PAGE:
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thank you, ma'am secretary. a great pleasure to have you before our committee and the spectacular work you're doing on behalf of our country. i think like many members of congress are very concerned about the capability and the capacity and really the corruption and those two things have been cited as really major obstacles to improving the rule of law in afghanistan and so my question really is, how do we insure that the billions of dollars of u.s. taxpayer funds that are being spent in this country are being used for the intended purpose and used effectively when corruption and a lack of governmental capacity and capability remain two big obstacles? i'm interested on your thoughts how long it will take before these factors are no longer a major obstacle? just to use an example in the state department cbo justification there is a call for $4.35 billion in funding for, which includes a request of 1.1 billion for
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economic support funds. you take that investment in economic development in afghanistan and compare it to our own, two largest loan programs administered by the united states small business administration which total about $574 million. which is roughly a third of the amount we're sending to afghanistan for economic support. it is a very hard thing for my constituents to understand in this difficult economy that we're investing those kind of resources to rebuild the economy of afghanistan when we have such urgent needs here. and in the context of this lack of capacity and this pervasive corruption that makes it even more difficult for people to understand. so i would to know how you think we're proceeding on those fronts and when we can expect the afghan people to do the ability to do this work on their own and direct the resources being back here to our own country and urgent needs of constituents in rhode island and my district? >> thank you very much, congressman. i certainly understand and sympathize with the
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legitimate questions of your constituents and of americans i think the drawdown of troops in iraq represents a large savings to the american taxpayers. the withdrawal on measured basis in afghanistan similarly provides because our civilian assistance frankly is such a small percentage of the overall money that is spent the vast majority of which comes from our dod security forces. so i think that, we are aware of that. we think we are on the right track. but, specifically with respect to capacity an corruption, corruption remains a fundamental challenge not only in afghanistan but frankly around the world and i find it one of our biggest problems. it is a cancer in some countries whose leaders care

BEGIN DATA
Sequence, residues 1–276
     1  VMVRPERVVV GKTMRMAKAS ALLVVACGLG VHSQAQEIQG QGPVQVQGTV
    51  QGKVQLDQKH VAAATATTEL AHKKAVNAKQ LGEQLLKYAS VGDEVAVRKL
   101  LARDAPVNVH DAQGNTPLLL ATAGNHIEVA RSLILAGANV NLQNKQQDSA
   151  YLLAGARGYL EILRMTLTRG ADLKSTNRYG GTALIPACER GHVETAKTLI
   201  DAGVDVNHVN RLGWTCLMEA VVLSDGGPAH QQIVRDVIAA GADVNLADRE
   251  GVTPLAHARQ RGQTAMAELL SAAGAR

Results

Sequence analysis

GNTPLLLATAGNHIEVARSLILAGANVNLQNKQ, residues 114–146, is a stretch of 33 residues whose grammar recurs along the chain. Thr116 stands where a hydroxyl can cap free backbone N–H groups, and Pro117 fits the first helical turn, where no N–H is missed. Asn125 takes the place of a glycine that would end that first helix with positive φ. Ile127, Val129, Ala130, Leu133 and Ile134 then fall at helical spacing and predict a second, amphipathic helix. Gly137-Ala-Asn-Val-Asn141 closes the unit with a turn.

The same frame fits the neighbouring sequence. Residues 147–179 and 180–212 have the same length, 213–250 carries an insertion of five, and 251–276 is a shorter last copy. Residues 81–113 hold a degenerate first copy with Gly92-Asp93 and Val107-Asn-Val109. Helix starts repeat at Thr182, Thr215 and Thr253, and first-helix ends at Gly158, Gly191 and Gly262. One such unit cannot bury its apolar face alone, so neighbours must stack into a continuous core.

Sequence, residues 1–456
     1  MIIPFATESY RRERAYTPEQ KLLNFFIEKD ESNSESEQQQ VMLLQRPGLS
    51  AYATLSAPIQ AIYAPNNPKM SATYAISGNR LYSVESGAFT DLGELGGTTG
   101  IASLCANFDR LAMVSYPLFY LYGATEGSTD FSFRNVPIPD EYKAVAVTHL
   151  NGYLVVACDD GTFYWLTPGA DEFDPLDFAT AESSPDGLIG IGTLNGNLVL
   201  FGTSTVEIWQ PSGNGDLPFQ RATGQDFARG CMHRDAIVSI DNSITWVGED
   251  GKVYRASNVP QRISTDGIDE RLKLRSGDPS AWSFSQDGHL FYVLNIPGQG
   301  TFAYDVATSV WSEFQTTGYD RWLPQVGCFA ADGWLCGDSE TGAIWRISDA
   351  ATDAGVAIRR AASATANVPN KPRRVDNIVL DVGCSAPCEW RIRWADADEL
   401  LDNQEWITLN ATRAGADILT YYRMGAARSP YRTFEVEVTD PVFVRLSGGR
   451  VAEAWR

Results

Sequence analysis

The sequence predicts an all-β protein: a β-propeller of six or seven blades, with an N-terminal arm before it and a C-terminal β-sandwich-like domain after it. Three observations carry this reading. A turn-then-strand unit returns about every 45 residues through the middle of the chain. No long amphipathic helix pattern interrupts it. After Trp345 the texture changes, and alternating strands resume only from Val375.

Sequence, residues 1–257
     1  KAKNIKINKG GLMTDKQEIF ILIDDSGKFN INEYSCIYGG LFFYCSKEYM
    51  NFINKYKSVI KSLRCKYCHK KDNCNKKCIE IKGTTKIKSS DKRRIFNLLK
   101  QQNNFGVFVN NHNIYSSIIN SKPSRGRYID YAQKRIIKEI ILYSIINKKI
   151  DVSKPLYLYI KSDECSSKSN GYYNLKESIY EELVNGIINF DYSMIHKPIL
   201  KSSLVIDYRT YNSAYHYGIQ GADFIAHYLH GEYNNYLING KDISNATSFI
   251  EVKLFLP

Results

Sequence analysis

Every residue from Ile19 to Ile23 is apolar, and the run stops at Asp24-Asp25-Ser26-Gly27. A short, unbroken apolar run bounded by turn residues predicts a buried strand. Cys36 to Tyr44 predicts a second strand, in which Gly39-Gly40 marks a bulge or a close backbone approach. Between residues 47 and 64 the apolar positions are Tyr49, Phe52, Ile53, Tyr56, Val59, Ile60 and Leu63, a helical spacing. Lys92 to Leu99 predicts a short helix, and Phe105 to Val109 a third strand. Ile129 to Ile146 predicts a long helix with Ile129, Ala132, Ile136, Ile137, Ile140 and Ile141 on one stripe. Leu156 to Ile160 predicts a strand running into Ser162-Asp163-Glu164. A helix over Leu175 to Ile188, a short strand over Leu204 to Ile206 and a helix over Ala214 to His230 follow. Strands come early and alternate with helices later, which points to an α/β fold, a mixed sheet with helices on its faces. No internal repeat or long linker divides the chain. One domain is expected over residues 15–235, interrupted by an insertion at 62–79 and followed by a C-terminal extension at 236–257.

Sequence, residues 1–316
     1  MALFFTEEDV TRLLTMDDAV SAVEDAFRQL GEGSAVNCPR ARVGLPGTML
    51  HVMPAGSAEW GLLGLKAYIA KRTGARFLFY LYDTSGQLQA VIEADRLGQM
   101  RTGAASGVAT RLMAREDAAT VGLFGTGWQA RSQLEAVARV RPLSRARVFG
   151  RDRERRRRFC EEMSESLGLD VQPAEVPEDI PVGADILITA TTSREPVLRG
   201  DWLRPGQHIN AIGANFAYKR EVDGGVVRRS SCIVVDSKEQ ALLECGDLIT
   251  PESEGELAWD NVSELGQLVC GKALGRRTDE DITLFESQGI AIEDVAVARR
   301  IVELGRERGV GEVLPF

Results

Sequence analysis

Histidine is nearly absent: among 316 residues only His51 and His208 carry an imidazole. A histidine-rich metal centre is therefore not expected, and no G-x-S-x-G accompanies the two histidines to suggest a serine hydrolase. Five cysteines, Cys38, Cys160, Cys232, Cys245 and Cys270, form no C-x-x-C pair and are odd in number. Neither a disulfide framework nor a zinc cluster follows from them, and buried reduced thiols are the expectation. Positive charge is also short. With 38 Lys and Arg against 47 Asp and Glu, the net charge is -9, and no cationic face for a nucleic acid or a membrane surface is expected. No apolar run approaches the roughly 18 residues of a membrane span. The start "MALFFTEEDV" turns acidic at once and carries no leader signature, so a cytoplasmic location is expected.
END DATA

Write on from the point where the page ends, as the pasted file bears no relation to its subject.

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more about enriching themselves and their families and their associates as opposed to making investments that will provide a better future for their own people and so the key is to build institutional capacity, create systems and that's exactly what we are doing in afghanistan. we're taking an integrated civilian military approach because again the largest sums of money that people have worried about feeding corruption have come from the enormous amount of money coming in associated with our military activities. so both state and dod and of course usaid are absolutely committed. we're promoting the enforcement of anti-corruption laws and regulations. we're doing ethics trainings. we're including civil servants and judiciary personnel in that. we support the major crimes task force which is intended to prosecute cases in the afghan justice system. the fbi,
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department of justice and others are working with their counterpart agencies. we continue to go after the poppy trade and the corruption that comes from drug trafficking. we have the improved our accountability by increasing vetting for those people who have anything to do with american funding. we have worked with our partners to do the same. so we are very much committed to transparency and accountability, to the rule of law, to monitoring and all of the steps that we are taking toward those ends but we know it remains a problem as it does in so many other parts of the world where we do business. >> thank you. i yield back now. >> thank you very much. judge poe is recognized. >> thank you, madam secretary, thank you, madam chair. i will try to make this to the point. last time you and i talked in this very room we talked about the safety of camp ashraf. that was in march. and then later in april the